Off Campus – Fallout: Fire Emblem Awakening

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NOTE: Spoilers ahoy!

I am not happy.

One year, twenty-plus hours later, I have completed Fire Emblem Awakening. I spent hours upon hours fighting for the Halidom of Ylisse. I grew to love the characters just as one would with a good book. Yet, in the final levels of the game, the developers violated the rules they had set up from the beginning.

In most games, especially in JRPGs, you expect a certain level of dramatic tension AND a consistent way to represent it. After a while, you assume the story will direct itself, while you do all the fighting/hard work of progressing the story. In Fire Emblem Awakening’s case, what had been a fairly linear story was suddenly injected with player choice.
Head on over to Theology Gaming to read more

Videogames and Men

We need more writing like this:

“As any football fan or regular participant in golf, ultimate frisbee, or Settlers of Catan will confess, embracing make-believe battles isn’t in itself a sinful or even unwise act. What matters is one’s perspective. For anyone who plays videogames, there must be a commitment to proper perspective. The game is not the ultimate reality, even while playing it. The player should see the game as an experiment, not as a genuine set of priorities and goals, but as a pretend set of priorities and goals. Videogames should be viewed as opportunities to practice and explore the values and commitments we make with ourselves and with our God. Just as men ought not genuinely despair over a lost football game, men who play videogames should learn to accept failure as an integral part of the experience.” – Richard Clark, Videogames and Men

Fasting by Jentezen Franklin

Neon lights mix with the sound and smell of sizzling fajitas, nothing like a Mexican food restaurant in East Texas.

My pastor and I had a lunch meeting a few weeks ago. During the meeting, he encouraged me to start fasting as well as read Fasting by Jentezen Franklin. I have since done both.

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In the book, Jentezen discusses a Biblical command that is often ignored, fasting. Matthew 6:1-18 serves as the Biblical aircraft carrier from which he launches his book. The following are some quotes and notes I jotted down while reading.

“Jesus said, “when you give…” and “When you pray…” and “When you fast.” He made it clear, that fasting, like giving and praying, was a normal part of Christian life. As much attention should be given to fasting as is given to giving and to praying.” (p11)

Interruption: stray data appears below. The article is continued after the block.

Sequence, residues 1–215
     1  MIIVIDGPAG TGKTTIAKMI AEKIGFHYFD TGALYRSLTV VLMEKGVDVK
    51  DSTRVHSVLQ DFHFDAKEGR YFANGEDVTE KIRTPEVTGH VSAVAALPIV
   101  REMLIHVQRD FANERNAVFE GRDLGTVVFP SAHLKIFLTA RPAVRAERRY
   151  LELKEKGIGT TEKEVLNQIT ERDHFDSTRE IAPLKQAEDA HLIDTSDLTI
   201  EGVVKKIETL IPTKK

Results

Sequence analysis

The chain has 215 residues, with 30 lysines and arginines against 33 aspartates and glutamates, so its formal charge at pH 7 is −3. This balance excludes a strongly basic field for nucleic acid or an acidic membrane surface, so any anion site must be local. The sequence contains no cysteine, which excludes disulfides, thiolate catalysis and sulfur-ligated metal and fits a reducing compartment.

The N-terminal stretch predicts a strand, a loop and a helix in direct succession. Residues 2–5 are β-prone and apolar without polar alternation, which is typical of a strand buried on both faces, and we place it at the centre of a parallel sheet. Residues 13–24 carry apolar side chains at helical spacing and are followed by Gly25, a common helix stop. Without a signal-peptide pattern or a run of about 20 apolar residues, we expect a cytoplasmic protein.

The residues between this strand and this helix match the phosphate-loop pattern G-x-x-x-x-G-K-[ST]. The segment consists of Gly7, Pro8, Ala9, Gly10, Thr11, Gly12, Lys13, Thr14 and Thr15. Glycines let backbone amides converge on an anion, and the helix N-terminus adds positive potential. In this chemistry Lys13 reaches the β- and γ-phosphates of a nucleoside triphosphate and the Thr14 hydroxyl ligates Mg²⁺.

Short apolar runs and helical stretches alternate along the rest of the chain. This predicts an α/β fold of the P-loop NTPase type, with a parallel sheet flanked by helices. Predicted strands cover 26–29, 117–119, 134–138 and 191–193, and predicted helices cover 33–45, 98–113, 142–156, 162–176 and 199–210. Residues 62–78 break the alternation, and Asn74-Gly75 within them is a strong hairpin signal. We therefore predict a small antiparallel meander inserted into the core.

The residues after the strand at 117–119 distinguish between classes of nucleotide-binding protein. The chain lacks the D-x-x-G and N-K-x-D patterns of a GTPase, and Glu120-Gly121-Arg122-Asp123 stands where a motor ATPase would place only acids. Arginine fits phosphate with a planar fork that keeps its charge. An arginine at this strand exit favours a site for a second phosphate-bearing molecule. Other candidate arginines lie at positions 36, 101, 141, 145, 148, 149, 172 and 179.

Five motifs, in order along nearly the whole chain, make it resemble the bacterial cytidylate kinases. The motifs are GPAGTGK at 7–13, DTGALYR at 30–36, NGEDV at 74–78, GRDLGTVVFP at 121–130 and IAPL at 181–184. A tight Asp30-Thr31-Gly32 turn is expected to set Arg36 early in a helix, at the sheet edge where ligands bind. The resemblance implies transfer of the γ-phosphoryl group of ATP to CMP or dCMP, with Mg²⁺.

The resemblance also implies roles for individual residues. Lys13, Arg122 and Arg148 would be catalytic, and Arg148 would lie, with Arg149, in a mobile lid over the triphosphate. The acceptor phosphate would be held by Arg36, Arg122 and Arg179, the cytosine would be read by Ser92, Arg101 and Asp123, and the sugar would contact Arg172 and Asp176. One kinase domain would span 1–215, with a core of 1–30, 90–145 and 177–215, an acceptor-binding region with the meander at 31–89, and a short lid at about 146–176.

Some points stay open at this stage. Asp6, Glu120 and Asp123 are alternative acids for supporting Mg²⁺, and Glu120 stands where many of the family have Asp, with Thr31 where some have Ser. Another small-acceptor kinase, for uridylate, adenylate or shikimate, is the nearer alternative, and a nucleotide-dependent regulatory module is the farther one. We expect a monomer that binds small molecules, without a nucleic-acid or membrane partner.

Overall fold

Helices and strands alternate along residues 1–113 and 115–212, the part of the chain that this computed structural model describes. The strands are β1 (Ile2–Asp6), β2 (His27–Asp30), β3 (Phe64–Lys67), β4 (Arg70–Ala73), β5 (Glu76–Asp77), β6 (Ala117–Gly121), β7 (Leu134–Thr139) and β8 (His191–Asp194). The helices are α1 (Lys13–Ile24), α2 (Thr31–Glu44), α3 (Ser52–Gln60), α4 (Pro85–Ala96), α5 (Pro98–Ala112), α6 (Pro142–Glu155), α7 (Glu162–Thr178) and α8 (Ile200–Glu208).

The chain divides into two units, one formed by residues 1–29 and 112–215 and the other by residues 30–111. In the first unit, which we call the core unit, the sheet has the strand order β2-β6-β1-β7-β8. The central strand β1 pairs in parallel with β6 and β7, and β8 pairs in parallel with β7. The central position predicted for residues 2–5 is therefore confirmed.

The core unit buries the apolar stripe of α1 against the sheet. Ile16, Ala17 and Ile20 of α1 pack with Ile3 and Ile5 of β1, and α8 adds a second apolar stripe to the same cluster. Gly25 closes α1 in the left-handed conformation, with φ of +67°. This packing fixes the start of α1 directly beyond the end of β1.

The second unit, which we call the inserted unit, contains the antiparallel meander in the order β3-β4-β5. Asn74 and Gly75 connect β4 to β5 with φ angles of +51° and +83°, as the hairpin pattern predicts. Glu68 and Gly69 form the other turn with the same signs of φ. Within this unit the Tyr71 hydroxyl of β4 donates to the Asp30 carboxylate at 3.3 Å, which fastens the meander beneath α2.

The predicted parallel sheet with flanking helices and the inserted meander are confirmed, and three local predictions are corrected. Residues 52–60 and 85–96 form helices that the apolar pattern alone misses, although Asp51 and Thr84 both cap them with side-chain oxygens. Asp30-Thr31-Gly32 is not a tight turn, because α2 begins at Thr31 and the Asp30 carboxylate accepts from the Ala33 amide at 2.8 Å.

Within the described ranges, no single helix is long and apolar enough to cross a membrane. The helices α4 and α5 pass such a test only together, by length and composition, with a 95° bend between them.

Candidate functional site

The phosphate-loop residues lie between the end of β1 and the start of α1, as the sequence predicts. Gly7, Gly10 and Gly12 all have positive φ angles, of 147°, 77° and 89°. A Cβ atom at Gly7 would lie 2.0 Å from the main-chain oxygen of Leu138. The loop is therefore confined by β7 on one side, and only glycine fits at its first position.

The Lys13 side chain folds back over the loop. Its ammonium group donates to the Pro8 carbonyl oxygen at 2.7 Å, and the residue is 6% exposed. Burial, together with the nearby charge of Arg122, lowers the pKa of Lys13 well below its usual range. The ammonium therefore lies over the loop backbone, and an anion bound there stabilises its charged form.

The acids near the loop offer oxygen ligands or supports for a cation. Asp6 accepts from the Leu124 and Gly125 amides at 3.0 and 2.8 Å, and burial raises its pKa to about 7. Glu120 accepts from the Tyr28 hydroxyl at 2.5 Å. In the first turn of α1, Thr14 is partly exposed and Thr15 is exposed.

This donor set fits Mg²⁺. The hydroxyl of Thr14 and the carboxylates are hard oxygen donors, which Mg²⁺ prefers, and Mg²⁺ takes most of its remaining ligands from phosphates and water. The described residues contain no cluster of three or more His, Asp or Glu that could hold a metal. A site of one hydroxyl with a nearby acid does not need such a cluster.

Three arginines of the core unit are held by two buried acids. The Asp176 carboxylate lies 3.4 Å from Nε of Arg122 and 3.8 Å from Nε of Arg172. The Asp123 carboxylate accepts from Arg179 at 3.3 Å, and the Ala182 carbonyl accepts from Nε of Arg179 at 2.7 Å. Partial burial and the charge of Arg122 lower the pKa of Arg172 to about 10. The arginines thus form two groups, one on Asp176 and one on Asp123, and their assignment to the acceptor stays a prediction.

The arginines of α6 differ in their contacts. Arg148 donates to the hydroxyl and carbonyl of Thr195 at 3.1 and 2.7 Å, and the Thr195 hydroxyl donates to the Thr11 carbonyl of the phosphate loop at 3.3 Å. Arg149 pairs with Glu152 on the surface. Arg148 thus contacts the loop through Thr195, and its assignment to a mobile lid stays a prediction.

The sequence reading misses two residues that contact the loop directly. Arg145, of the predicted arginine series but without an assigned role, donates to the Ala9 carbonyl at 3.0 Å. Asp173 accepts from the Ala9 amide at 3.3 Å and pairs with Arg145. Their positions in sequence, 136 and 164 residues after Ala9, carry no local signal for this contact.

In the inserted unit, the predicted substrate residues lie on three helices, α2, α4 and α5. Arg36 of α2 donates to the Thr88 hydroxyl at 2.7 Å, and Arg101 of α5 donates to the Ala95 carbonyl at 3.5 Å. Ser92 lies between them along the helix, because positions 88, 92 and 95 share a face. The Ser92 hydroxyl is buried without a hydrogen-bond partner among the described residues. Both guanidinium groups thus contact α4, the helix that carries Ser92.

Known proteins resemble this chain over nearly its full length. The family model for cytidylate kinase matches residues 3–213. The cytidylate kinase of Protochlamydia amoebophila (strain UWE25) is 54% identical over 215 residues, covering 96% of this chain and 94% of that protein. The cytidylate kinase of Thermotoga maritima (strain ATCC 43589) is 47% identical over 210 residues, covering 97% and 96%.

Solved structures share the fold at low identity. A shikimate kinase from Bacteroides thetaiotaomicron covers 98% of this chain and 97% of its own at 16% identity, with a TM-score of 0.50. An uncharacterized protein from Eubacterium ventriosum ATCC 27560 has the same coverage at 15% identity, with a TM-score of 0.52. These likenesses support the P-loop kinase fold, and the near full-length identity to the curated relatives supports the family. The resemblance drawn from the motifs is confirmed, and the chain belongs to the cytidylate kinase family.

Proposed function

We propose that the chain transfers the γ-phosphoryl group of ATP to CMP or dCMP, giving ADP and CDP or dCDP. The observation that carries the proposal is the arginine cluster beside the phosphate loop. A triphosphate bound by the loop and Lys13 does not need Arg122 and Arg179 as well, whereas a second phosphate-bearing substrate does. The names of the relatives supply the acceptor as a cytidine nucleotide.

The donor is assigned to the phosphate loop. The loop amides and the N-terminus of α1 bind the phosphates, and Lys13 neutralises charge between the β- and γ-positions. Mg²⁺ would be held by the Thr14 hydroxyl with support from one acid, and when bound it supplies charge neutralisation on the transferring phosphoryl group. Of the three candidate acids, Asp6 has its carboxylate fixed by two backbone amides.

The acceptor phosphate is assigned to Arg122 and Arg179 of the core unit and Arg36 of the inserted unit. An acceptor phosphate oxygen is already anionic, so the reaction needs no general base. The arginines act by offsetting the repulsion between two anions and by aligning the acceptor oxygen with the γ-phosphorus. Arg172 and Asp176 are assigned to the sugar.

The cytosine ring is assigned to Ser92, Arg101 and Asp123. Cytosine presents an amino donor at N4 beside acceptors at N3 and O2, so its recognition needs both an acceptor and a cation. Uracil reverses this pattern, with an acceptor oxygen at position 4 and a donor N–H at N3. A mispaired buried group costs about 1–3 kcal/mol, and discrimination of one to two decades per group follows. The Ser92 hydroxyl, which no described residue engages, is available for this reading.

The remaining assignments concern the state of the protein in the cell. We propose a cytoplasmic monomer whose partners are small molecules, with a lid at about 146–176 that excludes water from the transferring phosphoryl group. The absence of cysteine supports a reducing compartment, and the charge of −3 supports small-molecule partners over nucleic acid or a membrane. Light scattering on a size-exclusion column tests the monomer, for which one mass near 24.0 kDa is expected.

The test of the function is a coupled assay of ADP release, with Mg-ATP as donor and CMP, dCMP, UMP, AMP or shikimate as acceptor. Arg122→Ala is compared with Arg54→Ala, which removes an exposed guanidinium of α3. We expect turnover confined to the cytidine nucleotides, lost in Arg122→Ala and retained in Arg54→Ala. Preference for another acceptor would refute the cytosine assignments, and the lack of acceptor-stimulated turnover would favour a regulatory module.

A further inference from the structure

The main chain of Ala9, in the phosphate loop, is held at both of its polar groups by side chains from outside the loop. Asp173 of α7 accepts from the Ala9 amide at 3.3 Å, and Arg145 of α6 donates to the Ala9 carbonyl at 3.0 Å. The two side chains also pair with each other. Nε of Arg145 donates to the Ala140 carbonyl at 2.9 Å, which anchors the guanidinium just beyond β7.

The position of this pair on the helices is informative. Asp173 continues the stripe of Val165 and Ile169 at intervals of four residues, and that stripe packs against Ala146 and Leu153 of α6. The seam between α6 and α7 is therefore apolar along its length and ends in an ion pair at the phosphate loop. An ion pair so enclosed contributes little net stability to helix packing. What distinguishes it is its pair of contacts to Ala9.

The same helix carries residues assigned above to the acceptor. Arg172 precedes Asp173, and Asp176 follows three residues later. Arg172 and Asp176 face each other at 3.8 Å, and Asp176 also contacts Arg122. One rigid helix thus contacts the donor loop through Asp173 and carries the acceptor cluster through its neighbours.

According to the book, there are three types of fasting:

  • Absolute fast
  • Normal fast
  • Partial fast (giving up particular foods or drinks for an extended period of time).

“Whenever you begin a fast, remember, if it doesn’t mean anything to you, it won’t mean anything to God.” (p35)

“…fasting is a constant means of renewing yourself spiritually.” (p71)

This one was interesting:

“When you fast, you abstain from food for spiritual purposes. I have heard people say that they were planning to fast TV or computer games or surfing the Internet. It is good to put those things down for a time of consecration if they are interfering with your prayer life or with your study of God’s Word or you ministering to the needs of others, but technically, that is not fasting. Fasting is doing without food for a period of time, which generally causes you to leave the commotion of normal activity. Part of the sacrifice of fasting, seeking God, and studying His Word is that normal activity fades into the background.” (p111)

What do you think? Any thoughts on fasting?

Book Review: The Jesus Bible, NIV

The Jesus Bible, NIV is a children’s Bible that focuses on how Jesus is interwoven throughout scripture. Helpful features include:

  • A timeline of Jesus’ life
  • A simplified Family Tree of Jesus
  • Devotions for every day of the year
  • Biblical book introductions that answer the question of, “Where is Jesus in this book?”

The Good:
The Jesus Bible, NIV is presented in an easy to use format. As my son grows older, I can see myself working through this Bible with him. Parents should keep in mind that The Jesus Bible, NIV is geared towards kids ages 9-12.

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I also like how the daily devotionals are short and simple to read. They include an opening theme verse, thought for the day, and a closing prayer. The devotionals serve as a great introductory tool to get children into a daily habit of reading scripture.

The Bad:
I have two complaints against The Jesus Bible, NIV: 1) The hardbound version that I was given to review is heavy. I realize that this does increase the life span of the Bible due to durability. But yet I wonder if a child would indeed carry a Bible that is so heavy. 2) I dislike the pink font that is used throughout the Bible. I think a more gender neutral color could have been chosen.

In Closing:
If you are looking for a children’s Bible that points towards Christ, look no further than The Jesus Bible, NIV.

I was given a copy of this book by BookLook Bloggers. All opinions are my own. I was not required to write a positive review.